Conservation Can Reduce Poverty

6 05 2010
Ecotourism site

Ecotourism Site in Budongo Forest

Nyungwe Forest

Hiking in Nyungwe Forest, Rwanda

One of the biggest struggles in modern-day conservation is how to make sure that local people are benefiting from, or at least not being hurt by, conservation efforts.  It can often be discouraging as one new approach after another is tried, often without success.  There is also controversy around whether conservation groups should even try to address poverty since some believe that it waters down the conservation objective and takes resources away from the direct protection of wildlife and natural places.  Given that even organizations with huge budgets and a primary goal of poverty eradication have had little success, it might just be too much to ask from organizations with a conservation focus.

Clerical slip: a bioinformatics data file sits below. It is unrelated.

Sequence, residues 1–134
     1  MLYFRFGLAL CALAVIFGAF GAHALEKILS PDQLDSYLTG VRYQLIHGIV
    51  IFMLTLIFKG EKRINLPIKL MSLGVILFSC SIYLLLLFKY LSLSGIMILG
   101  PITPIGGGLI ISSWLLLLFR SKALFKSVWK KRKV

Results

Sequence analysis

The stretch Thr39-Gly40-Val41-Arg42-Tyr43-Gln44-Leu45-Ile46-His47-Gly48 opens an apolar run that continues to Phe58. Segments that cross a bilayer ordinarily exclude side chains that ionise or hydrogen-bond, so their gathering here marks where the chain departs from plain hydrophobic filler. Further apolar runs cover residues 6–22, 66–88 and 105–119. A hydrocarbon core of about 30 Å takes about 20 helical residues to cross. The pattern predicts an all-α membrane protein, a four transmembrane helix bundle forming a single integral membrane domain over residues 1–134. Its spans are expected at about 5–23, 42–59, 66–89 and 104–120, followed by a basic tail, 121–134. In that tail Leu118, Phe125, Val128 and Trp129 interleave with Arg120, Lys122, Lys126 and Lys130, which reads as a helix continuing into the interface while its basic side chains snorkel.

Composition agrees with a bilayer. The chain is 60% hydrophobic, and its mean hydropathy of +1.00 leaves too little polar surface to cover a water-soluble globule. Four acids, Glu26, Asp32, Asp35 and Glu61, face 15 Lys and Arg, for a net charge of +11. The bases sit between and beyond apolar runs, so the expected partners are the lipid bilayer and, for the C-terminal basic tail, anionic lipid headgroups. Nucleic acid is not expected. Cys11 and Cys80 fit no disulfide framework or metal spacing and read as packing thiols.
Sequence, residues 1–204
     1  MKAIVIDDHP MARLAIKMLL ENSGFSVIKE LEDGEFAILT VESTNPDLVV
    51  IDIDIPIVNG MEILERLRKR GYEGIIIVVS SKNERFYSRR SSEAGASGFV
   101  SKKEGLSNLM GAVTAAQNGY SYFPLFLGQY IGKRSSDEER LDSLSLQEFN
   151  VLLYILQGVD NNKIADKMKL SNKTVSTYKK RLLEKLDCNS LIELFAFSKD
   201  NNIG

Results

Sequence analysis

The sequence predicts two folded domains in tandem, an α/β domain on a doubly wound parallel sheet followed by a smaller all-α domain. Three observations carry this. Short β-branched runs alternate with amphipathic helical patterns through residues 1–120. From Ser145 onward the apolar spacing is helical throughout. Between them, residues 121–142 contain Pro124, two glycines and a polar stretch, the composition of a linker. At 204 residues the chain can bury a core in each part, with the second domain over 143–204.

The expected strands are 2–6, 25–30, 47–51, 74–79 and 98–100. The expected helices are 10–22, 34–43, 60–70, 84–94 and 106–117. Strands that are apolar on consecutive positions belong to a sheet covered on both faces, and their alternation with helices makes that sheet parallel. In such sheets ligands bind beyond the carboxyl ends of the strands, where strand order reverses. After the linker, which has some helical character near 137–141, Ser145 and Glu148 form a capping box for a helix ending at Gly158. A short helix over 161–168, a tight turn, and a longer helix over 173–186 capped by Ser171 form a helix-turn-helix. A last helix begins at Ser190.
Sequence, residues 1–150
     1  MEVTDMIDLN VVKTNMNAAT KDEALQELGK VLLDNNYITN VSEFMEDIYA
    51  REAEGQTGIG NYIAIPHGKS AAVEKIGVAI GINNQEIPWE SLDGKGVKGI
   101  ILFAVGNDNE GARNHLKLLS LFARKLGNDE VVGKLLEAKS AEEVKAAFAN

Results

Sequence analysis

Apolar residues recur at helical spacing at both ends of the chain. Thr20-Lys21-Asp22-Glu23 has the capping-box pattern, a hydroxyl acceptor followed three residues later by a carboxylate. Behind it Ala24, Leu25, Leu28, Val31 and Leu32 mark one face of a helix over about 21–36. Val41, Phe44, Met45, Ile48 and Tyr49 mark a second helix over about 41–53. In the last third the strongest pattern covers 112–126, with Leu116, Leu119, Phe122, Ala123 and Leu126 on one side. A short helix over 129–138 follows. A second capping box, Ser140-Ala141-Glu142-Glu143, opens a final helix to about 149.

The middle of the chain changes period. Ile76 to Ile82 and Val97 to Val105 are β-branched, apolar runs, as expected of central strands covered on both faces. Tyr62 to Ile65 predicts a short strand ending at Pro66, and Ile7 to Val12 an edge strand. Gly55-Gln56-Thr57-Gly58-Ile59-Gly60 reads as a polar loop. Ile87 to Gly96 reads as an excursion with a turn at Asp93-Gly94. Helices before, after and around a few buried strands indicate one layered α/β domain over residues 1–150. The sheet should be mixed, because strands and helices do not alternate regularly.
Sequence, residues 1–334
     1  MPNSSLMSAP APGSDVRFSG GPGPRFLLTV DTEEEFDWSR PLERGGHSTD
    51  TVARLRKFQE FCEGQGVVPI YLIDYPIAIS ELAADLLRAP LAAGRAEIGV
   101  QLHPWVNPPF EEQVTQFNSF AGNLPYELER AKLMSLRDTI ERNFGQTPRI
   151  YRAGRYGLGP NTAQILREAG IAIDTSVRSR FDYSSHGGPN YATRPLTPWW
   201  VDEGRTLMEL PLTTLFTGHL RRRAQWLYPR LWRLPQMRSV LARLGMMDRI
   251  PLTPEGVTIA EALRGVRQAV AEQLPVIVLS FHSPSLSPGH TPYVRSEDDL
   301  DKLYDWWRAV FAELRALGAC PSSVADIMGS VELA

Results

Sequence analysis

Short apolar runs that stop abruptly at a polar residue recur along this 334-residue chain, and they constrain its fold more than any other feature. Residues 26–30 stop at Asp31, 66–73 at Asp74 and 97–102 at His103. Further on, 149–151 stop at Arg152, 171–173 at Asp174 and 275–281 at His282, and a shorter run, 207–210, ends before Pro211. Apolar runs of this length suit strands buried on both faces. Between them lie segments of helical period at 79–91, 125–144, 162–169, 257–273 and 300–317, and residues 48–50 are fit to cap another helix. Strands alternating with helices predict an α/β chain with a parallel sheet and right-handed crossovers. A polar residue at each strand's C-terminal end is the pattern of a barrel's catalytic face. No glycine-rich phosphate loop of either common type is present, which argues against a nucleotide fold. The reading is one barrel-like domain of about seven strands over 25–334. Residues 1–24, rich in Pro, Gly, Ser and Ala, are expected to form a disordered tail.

That said, conservation works better when local people have buy-in, and buy-in comes more readily when people are benefitting from conservation.  Recently, a team commissioned by the International Institute for Environment and Development looked at 400 studies on the effects of conservation efforts on poverty around the world.  They were trying to determine if there are any interventions that have a lasting positive effect on rural incomes.

The full reports will be released sometime in the next few months, but the researchers identified 5 interventions that seem to improve rural livelihoods:

1.  Community Timber Enterprises
2.  Forest tourism
3.  Agro-forestry
4.  Marine Tourism
5.  Exploitation of fish spill-over from protected areas into adjacent fisheries

As somebody with a focus on conservation through tourism, I am happy to see that two of the top five are tourism-related.  It will be interesting to read more when the final reports are released.  For now, you can read more here.

Mark D. Jordahl – Kampala




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